Ordered a folding pool table and table football table which used up the rest of my 'prepared to spend now' money to stave of cabin fever!
 
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12th Monkey

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Zen Blue arrives today, and not a moment too soon. Connection on the existing one was pretty poor yesterday, and the lifeless nature of its presentation is becoming ever more noticeable even at background levels. I suspect a dedicated streamer will be the way to go eventually, but it feels like it's worth giving this a go.
 

12th Monkey

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OK - using coaxial digital output and running it through my CDP's DAC, which I would hope is pretty good. Connection is solid, not a drop during a couple of hours of listening.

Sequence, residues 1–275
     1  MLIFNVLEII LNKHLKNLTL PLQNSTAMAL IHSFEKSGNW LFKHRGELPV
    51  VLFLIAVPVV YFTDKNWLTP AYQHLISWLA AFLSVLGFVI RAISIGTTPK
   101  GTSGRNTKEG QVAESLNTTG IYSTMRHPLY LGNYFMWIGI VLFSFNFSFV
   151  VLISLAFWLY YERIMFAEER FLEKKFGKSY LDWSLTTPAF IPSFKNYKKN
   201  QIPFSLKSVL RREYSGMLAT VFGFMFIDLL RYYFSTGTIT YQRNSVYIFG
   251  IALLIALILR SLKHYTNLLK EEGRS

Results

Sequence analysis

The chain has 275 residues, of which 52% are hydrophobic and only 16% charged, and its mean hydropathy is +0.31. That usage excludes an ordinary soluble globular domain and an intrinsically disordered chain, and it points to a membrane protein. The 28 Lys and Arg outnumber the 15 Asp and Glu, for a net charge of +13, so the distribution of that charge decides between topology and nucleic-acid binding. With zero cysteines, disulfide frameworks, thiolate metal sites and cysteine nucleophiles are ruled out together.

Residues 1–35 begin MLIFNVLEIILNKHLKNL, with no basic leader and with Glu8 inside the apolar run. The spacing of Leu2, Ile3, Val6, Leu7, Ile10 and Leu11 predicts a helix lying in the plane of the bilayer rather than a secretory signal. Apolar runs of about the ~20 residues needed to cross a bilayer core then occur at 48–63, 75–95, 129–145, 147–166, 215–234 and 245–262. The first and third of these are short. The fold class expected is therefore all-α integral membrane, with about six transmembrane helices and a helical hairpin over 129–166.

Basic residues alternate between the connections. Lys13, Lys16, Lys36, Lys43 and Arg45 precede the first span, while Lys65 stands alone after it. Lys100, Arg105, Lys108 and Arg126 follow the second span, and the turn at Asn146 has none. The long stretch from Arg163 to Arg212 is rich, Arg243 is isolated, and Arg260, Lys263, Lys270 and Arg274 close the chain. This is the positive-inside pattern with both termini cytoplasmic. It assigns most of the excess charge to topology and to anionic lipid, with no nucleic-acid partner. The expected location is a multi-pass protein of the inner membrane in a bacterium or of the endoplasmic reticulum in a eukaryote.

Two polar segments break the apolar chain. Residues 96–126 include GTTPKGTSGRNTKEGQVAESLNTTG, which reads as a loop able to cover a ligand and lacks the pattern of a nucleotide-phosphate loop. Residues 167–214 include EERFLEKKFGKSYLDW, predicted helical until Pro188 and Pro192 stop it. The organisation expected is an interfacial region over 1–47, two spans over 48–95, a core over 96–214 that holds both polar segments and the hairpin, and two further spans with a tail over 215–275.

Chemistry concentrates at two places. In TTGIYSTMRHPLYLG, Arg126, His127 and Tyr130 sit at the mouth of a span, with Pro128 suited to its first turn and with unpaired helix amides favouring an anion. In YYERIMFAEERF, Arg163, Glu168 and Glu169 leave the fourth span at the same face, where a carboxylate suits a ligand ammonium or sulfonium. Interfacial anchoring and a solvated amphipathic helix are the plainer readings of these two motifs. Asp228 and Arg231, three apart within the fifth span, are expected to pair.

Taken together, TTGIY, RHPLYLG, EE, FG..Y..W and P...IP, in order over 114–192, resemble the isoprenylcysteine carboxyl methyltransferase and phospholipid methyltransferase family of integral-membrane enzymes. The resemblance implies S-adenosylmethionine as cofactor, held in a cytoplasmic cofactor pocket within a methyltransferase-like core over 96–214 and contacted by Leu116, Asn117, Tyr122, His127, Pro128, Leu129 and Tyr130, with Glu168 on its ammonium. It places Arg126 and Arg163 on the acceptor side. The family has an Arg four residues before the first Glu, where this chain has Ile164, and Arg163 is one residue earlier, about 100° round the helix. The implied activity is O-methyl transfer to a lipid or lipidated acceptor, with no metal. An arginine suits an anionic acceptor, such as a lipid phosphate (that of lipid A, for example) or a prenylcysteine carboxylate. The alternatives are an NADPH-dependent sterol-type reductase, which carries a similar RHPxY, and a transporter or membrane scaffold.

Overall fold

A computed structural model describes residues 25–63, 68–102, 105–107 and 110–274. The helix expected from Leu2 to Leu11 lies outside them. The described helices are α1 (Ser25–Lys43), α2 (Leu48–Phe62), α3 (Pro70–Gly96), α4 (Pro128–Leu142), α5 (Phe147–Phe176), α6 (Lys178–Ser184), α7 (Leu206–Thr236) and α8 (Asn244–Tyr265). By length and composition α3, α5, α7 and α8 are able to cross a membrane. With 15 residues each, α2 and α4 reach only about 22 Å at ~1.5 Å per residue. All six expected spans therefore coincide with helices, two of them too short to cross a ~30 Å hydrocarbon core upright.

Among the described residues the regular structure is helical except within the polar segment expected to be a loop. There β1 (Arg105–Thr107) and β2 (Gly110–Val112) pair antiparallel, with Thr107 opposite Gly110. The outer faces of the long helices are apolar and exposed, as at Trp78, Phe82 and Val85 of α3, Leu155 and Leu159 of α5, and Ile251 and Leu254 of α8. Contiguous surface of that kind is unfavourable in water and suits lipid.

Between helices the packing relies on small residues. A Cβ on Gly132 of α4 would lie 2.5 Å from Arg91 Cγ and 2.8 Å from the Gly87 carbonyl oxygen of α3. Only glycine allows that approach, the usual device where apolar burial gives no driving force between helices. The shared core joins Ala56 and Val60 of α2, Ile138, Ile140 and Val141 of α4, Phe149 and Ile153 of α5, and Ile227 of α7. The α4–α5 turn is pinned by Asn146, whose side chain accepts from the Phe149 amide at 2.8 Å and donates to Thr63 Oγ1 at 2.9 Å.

At similar volume levels to the Esinkin it's readily apparent that the listening experience is much more satisfactory. It doesn't sound lifeless and devoid of energy any longer, there's much greater bass weight and it sounds as though members of the band are playing together - the old one was royally undone trying to make some tracks by The Jam (Start!, Going Underground) sound at all cohesive, and they now sound perfectly listenable. I will probably go down the streaming route later, but for now and for non-serious listening I am pretty happy. The very highest registers are also much more present and a hell of a lot more refined. Gently-struck cymbal now sound like that, rather than a sort of generic, high frequency tizz.